I use a hall effect sensor instead of a reed sensor to measure my gas ( heating not car ) usage.
It's not a sensor that's connected to an analog input but one with a cutoff potentiometer on that is connected to a digital pin.
looks like this:
The thing gives a constant LOW when the dial is between 1 and 7 and a constant HIGH when on 9. when it's between 7 and 9 it flutters between 1 and 0 . also when the dial is between 9 and 1.
I add up a few hundred reads then process the result. when it's above 95% I put 1 in a secondary counter which gets subtracted when not above 95% . I do the same with a second secondary counter when values of the first are 5% or lower. When that HIGH secondary counter secondary counter gets to 12 there is a boolean that gets set to true. Call it switchingAllowed. When that secondary LOW counter gets to 12 and switchingAllowed is true I set switchingAllowed to false and add 1 to my rotation counter. The 12 are like a moving window.
A full rotation looks something like this..
Pin Reads: (lot more of course)
Let's assume I read 200 states in a row my results after that would be:
The secondary counters would look something like this over time after the first turn.
When explained like this I'm sure it can seem a bit bulky or weird but in code I'm sure you can see it's just a few lines.
In short , a turn counter isn't allowed to be added unless I'm sure the dial was on the other side first.
This is running on a PI. If I had an arduino for it at the time I would probably have gone analog for the reads.
Maybe your "jitter" issue can be solved in the same way?
I also believe, like others replies going optical is the better solution.
PS: 4 coffee measuring spoons, a few bits of lego technic, a tracking or "obstacle avoidance" sensor and a piece of tin foil should make a great test setup before you buy anything expensive.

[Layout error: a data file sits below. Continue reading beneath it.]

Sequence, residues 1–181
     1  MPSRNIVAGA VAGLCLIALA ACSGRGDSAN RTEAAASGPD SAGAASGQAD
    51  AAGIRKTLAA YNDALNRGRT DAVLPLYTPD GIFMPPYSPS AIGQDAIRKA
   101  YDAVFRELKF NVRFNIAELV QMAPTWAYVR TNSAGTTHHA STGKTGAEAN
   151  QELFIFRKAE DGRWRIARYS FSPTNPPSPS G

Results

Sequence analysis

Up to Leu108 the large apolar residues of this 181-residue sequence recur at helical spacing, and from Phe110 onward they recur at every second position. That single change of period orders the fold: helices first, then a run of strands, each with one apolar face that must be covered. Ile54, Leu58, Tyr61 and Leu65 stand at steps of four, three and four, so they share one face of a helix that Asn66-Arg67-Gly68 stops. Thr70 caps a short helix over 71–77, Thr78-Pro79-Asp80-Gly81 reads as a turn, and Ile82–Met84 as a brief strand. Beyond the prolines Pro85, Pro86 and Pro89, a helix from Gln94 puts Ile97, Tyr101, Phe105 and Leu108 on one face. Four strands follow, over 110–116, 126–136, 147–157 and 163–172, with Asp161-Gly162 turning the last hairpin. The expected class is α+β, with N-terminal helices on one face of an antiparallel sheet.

PPS: Thinking about it some more I'm sure those things turn backwards or swing in certain low wind
situations too no ? This could probably be detected by adding a second optical sensor.
or if you want to be absolutely sure, use 3 sensors and only count a turn when sensor 1, 2, 3 registered a turn in that order. If 1 triggered followed by 3 or 2 followed by 1 it was going backwards..
Or 1, 1 ,1 in that case the piece of tin foil was swinging over a sensor.
In this scenario if this is important, your precision has also augmented to 1/3 turn instead of a full turn. Every time the sequence of the last 3 triggers was 123, 231 or 312 you can be pretty sure 1/3 turn went ok.
hanging a ping pong ball on 4 springs or elastic bands and point a few distance measuring lasers at the thing ?
idk what precision/price ratio that would be though..
Or maybe a ping pong ball wired to 4 load cell sensors measuring the force on the ball from any direction.
Not sure about the precision of that one.
If you make a 3D grid of those things you should even be able to measure local gusts and quick wind turns.
Or you can also use an antenna to sense the movement of an object close to it like again a ping pong ball :P the same way a theremin works..
All this to say, there's a lot you can do yourself that doesn't have to look like or work like commercial windspeed meters either.
The "flex and stretch" bit here contains some useful info:
Idk if this particular item is precise enough at that diameter for suspending a ping pong ball and measuring wind forces on it but still an interesting read. There's probably finer elastic resistors being developed as we speak, maybe even available idk.